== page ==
Written by Andrea Pawlyna
QUALITY ON A GRAND SCALE
Legrand Jewellery (Mfg) Co Ltd
THE downturn in Asian economies is affecting exports to these markets, but maintaining a positive attitude can create opportunities during difficult economic times, according to Patrick To, assistant managing director of Legrand Jewellery (Mfg) Co Ltd.
"Japan is our major market and accounts for 30% of our exports at the moment. The country has a large population and, despite the economic downturn, the business is still there. Many companies have stopped doing business in Japan, but we have to understand the needs of the market and then orders will follow," says To.
Legrand has been manufacturing fine jewellery in Hong Kong since 1982 and was founded by To's brother and managing director Sammy To. "He had experience in the retail industry and his goal was to make more high-end items to avoid competition among manufacturers of commercial quality jewellery," says To.
The company manufactures almost any type of jewellery according to customer requirements, but specialises in 18K gold and platinum gemset items priced from US$300 to US$30,000 FOB Hong Kong.
"Right now the most saleable items are in the US$1,000 range. All types of white 18K gold diamond jewellery using G-H colour, VVS clarity diamonds with a total weight of less than one carat are popular," states To.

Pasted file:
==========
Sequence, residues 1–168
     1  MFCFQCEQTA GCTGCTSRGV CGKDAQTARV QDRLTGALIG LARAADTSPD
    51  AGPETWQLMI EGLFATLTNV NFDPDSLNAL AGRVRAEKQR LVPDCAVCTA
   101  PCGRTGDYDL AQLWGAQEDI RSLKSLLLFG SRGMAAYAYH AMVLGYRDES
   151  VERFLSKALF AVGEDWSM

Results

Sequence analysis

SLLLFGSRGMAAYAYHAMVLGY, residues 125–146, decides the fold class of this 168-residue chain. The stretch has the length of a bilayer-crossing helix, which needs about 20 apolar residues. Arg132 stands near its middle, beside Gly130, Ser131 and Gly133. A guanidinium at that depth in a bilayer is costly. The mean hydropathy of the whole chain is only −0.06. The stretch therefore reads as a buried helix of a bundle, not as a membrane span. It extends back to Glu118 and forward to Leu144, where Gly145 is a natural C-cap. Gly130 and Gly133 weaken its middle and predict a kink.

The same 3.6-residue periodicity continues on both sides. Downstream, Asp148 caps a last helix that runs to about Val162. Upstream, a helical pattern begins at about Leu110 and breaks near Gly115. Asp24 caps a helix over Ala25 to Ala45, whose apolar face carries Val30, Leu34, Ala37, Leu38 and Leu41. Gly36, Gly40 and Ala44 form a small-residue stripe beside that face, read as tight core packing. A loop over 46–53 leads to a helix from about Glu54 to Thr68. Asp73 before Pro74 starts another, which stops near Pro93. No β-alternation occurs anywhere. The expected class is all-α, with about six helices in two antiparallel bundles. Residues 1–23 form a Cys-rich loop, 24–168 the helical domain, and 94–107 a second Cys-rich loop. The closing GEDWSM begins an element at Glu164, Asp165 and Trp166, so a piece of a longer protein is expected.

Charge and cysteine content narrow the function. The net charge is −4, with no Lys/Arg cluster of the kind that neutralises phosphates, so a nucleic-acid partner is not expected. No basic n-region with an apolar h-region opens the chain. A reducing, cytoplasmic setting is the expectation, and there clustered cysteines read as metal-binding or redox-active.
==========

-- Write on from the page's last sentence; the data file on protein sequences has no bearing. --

Design and quality are the emphasis for jewellery at this end of the market and this is true for Legrand's pieces, even with the cheaper items. Production mainly takes place in Hong Kong, especially the handmade items, some difficult stone setting and finishing. The rest is sub-contracted to factories in mainland China specialising in high-end manufacturing. An average of 800 pieces of jewellery are produced this way each month.
"In [mainland] China, the experience of the workers is the issue. If they have not seen fine-quality workmanship, they cannot know how to do it themselves," says To.
"The quality is improving all the time, though, and we have to remember that Hong Kong's jewellery manufacturing industry started from nothing."
In 1994 Legrand designers won the De Beers-organised Diamonds International Awards design competition for earrings resembling Chinese firecrackers set with white and fancy coloured diamonds symbolising explosions. This gave the company excellent publicity but not as much business as To had hoped for. However, it stressed the quality of Legrand's designs and workmanship.